But, even more questionable is that in the manuscript from which R. Hayyim Kohen's comments were published that manuscript contains nothing about l'Dovid haShem instead, it appears the publisher inserted into the R. Hayyim's work. And as already has noted by some (see Yudolov's comments for the entry of Sha'arei Rachmim [No. 0182652] on the Bibliography of the Hebrew Book 1470-1960) many insertations to the work in question, the Sha'arei Rotzon, are found in the Hemdat Yamim.

2007 Update: Also, it is worth pointing out the lengths persons will go to obscure the Hemdat Yamim source. For instance, in the Siddur Alyiyat Eliyahu and the Machzor by the same editor, Mikrai Kodesh, in both these siddurim the editor offers the following as the source for l'Dovid: "Sha'arei Tefilah which attributes this custom to R. Hayyim Kohen, a student of the AriZa"L, Shem Tov Koton." So, the earliest source is this work Sha'arei Tefilah which attributes it tho R. Hayyim Kohen - this apparently is a new source, which, although we have seen other sources which attribute it to R. Hayyim we saw that source was questionable at best. While the editor did not explain which of the many Sha'arei Tefilah he is referring to[2], in fact he is referring to R. Ya'akov Raccah's work published in 1870. Now, as this work is published in 1870 and supposedly is the source for what R. Hayyim Kohen who died in 1655 and authored many of his own works which discuss similar topics should immediately be a red flag . When one actually looks at the Sha'arei Teffilah the quote (p. 48) one sees that he is not the source, instead, all the Sha'arei Teffilah does is quote the Sha'arei Rotzon, which, as noted above, we now know is not actually a quote from R. Hayyim, and instead merely the later insertation of the editors of that work. Now, why would the editor go so far out of his way to reference a rather obscure work from the late 19th century as the first source for this custom but never make any mention of the earlier source Hemdat Yamim at all? It would seem that he wanted to avoid as much as possible any connection to this source.

[1] R. Katz, in Divrei Yosef (p. 175) uses the differences between the custom advocated for the Hemdat Yamim - l'dovid should be recited prior to selichot, as a "proof" that our custom can not be based upon Hemdat Yamim. Katz, however, is silent about the numerous differences between our custom and what the Shem Tov Koton advocates for.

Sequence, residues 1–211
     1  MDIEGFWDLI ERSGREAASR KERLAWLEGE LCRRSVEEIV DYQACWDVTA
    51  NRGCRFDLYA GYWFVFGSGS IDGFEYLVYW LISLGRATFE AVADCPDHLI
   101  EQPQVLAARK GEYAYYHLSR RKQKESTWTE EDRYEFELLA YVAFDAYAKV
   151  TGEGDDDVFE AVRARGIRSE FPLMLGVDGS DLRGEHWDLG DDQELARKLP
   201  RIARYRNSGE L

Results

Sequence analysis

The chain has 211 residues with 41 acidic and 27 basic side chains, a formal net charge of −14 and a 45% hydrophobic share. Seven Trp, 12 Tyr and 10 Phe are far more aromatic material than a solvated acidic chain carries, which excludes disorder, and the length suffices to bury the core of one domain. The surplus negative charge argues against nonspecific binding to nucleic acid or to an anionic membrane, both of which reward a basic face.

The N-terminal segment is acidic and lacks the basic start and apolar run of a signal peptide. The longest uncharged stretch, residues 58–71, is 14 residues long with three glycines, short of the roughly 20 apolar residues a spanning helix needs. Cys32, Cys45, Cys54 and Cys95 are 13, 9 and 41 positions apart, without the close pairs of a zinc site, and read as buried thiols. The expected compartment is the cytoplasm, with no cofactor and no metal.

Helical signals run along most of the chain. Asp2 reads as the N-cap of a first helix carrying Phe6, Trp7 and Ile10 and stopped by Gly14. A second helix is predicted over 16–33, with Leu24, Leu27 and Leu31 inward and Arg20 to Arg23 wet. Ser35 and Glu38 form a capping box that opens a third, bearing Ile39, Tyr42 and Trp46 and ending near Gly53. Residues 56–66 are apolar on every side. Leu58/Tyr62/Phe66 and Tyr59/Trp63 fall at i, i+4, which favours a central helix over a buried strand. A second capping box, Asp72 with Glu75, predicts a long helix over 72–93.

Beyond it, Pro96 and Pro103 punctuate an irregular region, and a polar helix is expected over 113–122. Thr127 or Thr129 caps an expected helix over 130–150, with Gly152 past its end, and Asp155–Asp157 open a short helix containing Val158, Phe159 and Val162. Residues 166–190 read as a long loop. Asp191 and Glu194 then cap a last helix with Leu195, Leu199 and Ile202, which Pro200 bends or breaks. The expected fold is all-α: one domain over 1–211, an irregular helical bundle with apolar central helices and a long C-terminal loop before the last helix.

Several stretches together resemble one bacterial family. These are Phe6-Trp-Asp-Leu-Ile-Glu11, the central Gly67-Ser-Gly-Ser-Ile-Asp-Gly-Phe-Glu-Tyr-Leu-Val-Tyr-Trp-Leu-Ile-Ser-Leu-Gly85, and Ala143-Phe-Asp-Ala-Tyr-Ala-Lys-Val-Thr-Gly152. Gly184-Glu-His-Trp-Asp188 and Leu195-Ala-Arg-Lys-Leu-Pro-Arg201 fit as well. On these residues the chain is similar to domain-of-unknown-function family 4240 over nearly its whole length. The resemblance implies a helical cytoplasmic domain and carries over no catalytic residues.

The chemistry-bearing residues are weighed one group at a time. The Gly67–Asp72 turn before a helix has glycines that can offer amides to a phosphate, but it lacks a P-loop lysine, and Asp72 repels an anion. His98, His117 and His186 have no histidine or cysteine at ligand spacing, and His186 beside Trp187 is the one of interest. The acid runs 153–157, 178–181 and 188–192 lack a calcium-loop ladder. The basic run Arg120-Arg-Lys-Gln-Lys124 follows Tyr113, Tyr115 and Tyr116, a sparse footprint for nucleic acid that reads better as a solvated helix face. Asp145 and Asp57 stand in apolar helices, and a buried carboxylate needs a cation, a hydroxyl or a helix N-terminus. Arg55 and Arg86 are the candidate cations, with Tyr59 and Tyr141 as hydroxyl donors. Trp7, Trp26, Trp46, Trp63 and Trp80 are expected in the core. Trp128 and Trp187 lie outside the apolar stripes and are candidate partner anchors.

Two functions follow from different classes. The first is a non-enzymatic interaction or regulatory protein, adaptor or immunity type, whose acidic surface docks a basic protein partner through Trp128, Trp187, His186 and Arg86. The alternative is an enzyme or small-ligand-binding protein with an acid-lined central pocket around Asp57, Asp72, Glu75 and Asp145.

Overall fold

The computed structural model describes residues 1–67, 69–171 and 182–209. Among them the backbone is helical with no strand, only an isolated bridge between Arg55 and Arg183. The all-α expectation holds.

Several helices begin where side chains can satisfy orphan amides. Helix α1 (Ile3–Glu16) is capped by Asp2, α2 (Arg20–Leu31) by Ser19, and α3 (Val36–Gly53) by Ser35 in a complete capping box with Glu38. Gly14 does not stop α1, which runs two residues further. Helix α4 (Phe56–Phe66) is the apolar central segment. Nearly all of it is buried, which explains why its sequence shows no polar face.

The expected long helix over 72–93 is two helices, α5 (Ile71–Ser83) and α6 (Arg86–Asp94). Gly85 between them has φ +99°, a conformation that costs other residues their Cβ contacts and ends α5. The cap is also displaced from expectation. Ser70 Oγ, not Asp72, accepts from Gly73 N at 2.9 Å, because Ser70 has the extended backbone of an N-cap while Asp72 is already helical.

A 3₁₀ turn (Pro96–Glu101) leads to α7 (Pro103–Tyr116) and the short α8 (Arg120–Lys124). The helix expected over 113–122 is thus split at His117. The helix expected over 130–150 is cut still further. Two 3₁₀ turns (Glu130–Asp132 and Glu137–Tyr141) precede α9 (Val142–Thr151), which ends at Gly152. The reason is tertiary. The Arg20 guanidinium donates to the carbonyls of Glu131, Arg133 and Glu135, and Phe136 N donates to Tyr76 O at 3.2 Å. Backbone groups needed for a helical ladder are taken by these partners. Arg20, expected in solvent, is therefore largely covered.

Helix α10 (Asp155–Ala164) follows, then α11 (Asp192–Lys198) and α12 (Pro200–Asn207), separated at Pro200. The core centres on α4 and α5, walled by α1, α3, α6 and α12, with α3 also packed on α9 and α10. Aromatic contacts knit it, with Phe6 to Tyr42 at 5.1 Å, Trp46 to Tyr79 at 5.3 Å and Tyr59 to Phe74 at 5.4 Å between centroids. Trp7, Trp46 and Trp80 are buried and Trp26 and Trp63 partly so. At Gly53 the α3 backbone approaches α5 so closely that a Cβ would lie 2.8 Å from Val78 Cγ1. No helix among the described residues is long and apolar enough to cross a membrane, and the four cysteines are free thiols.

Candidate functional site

[2] It is especially ironic that the editor did not explain which Sha'arei Tefilah he is referencing as the editor spends a considerable portion of his introduction castigating R. Shlomo Zalman Hanau's Sha'arei Tefilah (the most well-known work with the title Sha'arei Teffilah) for numerous precieved sins. Such a bland citation my lead an innocent reader to make the grave error that the editor is now citing to this "horrible" work.

Sources: Shirei HaLevim was reprinted and retypeset in the book Shirat Shmuel; on l'Dovid see Ohr Yisrael no. 1 by R. Katz (reprinted in his Divrei Yosef); Shem Tov Koton, Chernowitz, 1855 12a-13a (available online at; R. Goldhaber, Minhagei Kehillot vol. 2 p. 8 (he is the source for the manuscript evidence) Goldhaber's work is generally excellent; on Hemdat Yamim (the recent controversy) see R. M. Tzuriel's recent reprint and his introduction; R. N. Greenwald "The Attitudes of the Leaders of Hassidim towards the book 'Hemdat Yamim'," Hechal HaBesht no. 6; 34-64; R. Mondshien's response in the next issue of Hechal HaBesht and Greenwald's response to R. Mondshein in that issue; for even more on Hemdat Yamim as well as where you can get your own copy for free see my prior post here ; for more on R. Hayyim Kohen, see here about half way down the page.